1247 Tasting Notes
Another one I’m becoming slightly “meh” about. It’s fine as a latte, but that’s the only way I really enjoy drinking this one. Brewed as a straight tea, it’s just not really ticking many boxes for me at the moment. The chilli is a bit overpowering without a lot of milk, although I can appreciate that in a tea. The chocolate probably isn’t quite dark or bitter enough, and becomes a little cloying and sickly by the end of the cup. The chai spicing is good, though. Possibly I need to put this one away and come back to it fresh next winter. I seem to have lost my appreciation for it for the moment.
I’m slowly going off this one, I think. It’s been in my daily rotation for a good long while now, and I think I’m just over-familiar with its flavour. It doesn’t stand up to milk particularly well, so I stopped trying to force it. Without, the base tea is just a little prominent and tending towards bitter for me to really be able to appreciate the apple/caramel/strawberry flavour this is supposed to have. It’s good on the caramel apple, but strawberry isn’t something I’ve ever managed to coax out of it all that successfully. Something I did notice yesterday was that this has apple pips in it. I’ve never noticed before, but I can’t imagine what they’d add. They’re a cute addition, though, and no worse than sprinkles for pointless frivolity. At least there are actual apples in here, rather than just flavouring!
I do like this as a morning cup, although it’s not quite as strong as I would wish. If I could add milk, I’d probably be a lot happier. I’m going to try adding sugar to my next cup, I think. I need to rekindle my appreciation of this one before it sputters and dies.
I haven’t had a cup of Om in a long, long time. This is despite the fact that I brought it to work ages ago (before I last changed jobs) in an attempt to drink it more often. I guess it just wasn’t wintery enough for the last few months, although I’m starting to look towards spring a bit more now. Spring and white tea go together. Although the ingredients sound an odd combination at first glance, this actually makes for a lovely mid-morning cup on a warm day. I’d forgotten how pleasantly light and refreshing it could be. Today I’m getting mostly blackberry and nutmeg, with just the tiniest hint of cooling mint in the aftertaste. No cinnamon to speak of. This is definitely one I need to remember to pick out more often!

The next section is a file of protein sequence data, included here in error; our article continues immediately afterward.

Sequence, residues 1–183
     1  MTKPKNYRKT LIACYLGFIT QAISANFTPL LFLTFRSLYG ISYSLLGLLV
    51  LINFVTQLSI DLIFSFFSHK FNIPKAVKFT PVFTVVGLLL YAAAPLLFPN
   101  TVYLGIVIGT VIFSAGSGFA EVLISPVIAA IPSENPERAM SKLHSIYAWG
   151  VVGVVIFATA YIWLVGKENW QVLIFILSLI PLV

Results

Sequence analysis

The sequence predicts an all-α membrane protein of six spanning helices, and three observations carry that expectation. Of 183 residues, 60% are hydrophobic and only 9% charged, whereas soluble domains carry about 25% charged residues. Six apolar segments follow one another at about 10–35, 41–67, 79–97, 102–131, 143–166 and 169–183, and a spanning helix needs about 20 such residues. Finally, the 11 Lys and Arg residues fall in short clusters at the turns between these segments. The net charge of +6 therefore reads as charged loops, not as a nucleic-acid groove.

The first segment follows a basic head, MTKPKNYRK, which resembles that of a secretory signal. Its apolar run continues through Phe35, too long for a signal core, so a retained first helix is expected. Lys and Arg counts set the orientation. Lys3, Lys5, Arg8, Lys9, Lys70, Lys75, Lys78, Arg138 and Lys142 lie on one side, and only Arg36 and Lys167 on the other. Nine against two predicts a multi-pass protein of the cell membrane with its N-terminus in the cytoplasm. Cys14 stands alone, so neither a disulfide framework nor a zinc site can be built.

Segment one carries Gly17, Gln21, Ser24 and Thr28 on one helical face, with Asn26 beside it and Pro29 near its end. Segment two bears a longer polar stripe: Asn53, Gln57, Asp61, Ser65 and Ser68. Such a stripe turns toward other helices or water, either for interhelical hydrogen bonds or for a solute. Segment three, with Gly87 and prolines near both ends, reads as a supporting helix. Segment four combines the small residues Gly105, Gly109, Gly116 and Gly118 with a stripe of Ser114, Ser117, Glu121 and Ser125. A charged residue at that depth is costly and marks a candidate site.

A very sad sipdown. I packaged up the last of this to go out in a couple of swaps, and am currently enjoying my last cup. I really hope this one makes a return next year! I’m sad now, but I think it’ll be good for me to have a small break from this one. Hopefully next time I taste some (assuming there is a next time…) I’ll appreciate it all the more for not having had any in a while. My current favourite pumpkin tea. I’d recommend this to anyone.
I’ve been drinking this at work recently, in an attempt to get it near a sipdown. While it’s still got a lot of mint flavour to it, it’s definitely not as strong as it used to be. In my first note, I was pretty overwhelmed with the punch the mint packed. Now, it’s much, much more subtle. That does allow more of the vanilla creaminess to come out, though, so I’m not too sad that it’s starting to fade a little. It tastes more like candy cane now than it used to, that’s for sure.
I still think this is one of the prettiest teas I’ve seen, with it’s green mint, creamy green rooibos, and pretty red flowers. Probably not one I’d restock, simply because I’m a little sad about how quickly the flavours seemed to deteriorate in this and all of the other teas I picked up in my first S&V order. Their packaging needs to improve.
A nice tea, though. A must try for any candy cane fan.
First cup of the day this morning, and my first try of this tea. It’s another one I’ve been saving a little, because I do like my breakfast teas. I’ve just packaged some up for a swap, though, and that kind of prompted me to get going on it. I don’t know why I was waiting, really, or what I was waiting for. It just seems to be something I do, and I must resist this turn toward hoarding. My cupboard is definitely substantial enough to stand some drinking.